Monday Wednesday Reviews:
To help me blog on a more regular basis I thought I would turn to my other favorite love, cookbooks. This isn’t a story from my childhood of days spent flipping through cookbooks with my mom. In fact, my mother rarely used cookbooks, instead she relied on a handful of staple dinners and Italian recipes handed down from her mother and grandmother. Italian woman rarely write anything down, and my mother was no exception. My sister Amelia and I have had myriad conversations regarding our frustration that she never wrote down the recipe for her lasagna with homemade sauce and have spent the past three years attempting to recreate it from memory. (Amelia has recreated a similar version and now gets requests to make lasagna for the family on an almost monthly basis.)
Ironically my mother has shelves packed with old cookbooks from Martha Stewart and The Joy Of Cooking. But the only time I ever saw her use these cookbooks was to make two things. Birthday punch (which she made for rare special occasions) and a multi-step egg soufflé (which she made on even rarer occasions). For this reason I grew up believing cooking was just something that happened naturally. I imagined I would move out on my own and years of cooking wisdom would magically appear fully formed in my brain.
For this reason, a large part of my college diet consisted of microwave oatmeal, apples with crunchy peanut butter, ramen noodles, cheese quesadillas dipped in barbeque sauce, and frozen vegetables. Occasionally I would stumble across a recipe in a magazine or feel the need to cook my boyfriend a “fancy dinner” (usually the same baked salmon and rice) and break out of my rut for a while. However I still never thought to pick up a cookbook or learn to make myself anything worthwhile.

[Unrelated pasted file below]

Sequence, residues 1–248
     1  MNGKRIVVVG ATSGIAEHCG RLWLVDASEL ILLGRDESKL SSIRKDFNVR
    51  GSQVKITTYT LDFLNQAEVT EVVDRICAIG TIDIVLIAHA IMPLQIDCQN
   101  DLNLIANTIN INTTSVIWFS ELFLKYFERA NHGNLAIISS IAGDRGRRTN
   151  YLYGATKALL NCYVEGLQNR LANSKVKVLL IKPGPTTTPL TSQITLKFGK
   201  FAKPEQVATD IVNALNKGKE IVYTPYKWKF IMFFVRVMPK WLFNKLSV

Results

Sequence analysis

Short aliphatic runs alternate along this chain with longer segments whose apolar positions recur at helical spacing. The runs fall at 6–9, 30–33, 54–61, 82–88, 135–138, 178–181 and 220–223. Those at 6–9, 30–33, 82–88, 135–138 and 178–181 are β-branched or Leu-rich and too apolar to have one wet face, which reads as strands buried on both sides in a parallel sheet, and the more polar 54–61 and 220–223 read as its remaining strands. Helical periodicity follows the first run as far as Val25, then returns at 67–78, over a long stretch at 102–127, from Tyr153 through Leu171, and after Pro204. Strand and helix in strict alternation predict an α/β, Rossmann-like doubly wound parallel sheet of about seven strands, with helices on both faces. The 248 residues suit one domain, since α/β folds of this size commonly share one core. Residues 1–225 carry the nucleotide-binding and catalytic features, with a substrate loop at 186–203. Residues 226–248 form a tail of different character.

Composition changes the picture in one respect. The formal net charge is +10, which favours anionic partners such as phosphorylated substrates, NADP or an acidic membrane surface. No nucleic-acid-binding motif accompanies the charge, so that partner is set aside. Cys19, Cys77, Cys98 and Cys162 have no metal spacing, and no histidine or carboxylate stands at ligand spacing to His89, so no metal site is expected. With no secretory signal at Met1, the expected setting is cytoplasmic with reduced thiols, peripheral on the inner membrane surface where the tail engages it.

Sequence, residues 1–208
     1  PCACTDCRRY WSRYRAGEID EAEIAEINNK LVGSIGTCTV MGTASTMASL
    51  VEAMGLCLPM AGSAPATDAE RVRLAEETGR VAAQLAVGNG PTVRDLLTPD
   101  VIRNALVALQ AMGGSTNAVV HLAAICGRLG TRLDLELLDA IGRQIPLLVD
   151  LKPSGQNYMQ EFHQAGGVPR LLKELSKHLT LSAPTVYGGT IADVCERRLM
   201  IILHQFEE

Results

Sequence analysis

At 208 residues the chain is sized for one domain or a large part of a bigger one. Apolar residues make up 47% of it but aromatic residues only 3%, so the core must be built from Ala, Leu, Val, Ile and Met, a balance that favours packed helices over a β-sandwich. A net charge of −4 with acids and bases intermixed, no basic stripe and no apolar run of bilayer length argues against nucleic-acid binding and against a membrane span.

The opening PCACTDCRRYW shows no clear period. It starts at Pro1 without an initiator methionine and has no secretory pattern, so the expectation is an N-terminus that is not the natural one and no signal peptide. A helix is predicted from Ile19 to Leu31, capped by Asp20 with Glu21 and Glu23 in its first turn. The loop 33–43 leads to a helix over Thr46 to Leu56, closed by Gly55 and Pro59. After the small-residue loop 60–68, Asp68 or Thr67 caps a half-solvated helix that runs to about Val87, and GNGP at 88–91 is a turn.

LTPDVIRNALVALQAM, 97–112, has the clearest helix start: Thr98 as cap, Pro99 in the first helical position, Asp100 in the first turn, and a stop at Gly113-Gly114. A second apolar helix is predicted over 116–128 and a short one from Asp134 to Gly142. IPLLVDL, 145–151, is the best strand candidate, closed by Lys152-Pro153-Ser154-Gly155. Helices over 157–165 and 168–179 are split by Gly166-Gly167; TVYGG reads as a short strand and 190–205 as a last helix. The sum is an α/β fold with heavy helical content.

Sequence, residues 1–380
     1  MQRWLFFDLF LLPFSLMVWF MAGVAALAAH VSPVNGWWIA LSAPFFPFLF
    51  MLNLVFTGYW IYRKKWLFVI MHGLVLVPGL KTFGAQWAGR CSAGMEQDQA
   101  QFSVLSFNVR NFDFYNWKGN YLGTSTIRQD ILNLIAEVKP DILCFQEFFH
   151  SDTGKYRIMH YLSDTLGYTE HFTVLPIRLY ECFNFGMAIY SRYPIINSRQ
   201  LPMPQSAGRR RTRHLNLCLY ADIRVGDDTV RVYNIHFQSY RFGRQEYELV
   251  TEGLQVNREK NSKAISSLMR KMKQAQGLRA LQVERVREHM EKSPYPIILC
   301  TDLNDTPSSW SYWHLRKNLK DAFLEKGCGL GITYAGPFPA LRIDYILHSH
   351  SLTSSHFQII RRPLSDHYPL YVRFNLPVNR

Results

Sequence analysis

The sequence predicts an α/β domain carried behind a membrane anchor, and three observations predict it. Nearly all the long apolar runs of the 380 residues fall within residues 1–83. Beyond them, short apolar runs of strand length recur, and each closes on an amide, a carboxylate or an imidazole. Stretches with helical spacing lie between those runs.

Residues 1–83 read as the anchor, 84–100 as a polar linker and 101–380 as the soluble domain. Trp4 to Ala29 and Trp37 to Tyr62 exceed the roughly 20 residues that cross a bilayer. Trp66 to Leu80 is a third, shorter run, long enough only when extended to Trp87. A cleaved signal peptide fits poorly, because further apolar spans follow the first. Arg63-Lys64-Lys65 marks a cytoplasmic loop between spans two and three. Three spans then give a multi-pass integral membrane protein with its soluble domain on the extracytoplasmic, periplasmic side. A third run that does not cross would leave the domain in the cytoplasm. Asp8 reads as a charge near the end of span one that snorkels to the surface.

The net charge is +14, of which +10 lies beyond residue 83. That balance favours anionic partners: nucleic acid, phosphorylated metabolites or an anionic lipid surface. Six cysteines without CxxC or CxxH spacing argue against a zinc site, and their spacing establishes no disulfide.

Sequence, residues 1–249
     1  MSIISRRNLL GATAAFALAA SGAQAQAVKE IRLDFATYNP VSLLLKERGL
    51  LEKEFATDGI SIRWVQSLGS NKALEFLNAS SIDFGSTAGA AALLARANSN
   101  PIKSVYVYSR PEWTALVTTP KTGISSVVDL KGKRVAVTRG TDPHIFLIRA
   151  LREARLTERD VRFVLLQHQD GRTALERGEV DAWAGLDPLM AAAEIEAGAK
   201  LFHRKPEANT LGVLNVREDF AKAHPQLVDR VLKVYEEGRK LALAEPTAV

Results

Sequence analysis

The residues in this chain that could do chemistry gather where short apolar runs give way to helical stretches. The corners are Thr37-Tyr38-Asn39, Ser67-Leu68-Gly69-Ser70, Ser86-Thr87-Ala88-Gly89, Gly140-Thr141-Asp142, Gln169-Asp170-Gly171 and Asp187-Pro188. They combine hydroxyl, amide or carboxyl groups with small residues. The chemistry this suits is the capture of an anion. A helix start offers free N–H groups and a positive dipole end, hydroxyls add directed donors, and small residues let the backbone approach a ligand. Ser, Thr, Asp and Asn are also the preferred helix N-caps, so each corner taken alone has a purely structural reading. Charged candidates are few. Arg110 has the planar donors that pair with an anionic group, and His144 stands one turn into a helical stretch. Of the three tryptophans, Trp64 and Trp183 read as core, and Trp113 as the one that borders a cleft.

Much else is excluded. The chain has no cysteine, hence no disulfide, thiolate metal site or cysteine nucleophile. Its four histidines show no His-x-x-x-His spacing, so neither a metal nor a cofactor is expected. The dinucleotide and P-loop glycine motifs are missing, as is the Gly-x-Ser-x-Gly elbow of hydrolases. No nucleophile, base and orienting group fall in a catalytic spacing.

A few things helped to change this pattern. One, I got married, being a wife, I now wanted to learn to make dinners so my husband Nick and I could sit and eat together (also if I had let Nick make dinner, we would have eaten frozen pot pies every night). Two, for my bridal shower my mother in law gave me a cookbook and had all the guests bring me their favorite recipe to add to it. It was one of the most thoughtful presents I have ever received and really helped teach me to make some great dinners. My third breakthrough happened while wandering through Lowe’s of all places. You know those racks of magazines that cover every topic from landscaping to grilling? I picked up one called “Ultimate Italian”, it had so many delicious looking recipes I quickly added it to our cart of painting supplies and light bulbs. When I got home I read through it and saw a recipe for homemade pizzas from Jamie Oliver’s cookbook “Jamie’s Italy”. My mom had loved him back when he was known as “The Naked Chef” so I decided to try the recipe. I went to the store and bought semolina flour and golden caster sugar, came home and made my very first homemade crust. It was easy and more importantly it was better than any crust I could have gotten from the delivery guy. I was hooked. I knew I had to have whatever else Jamie Oliver was cooking in his book. I went out that night and bought my very first cookbook.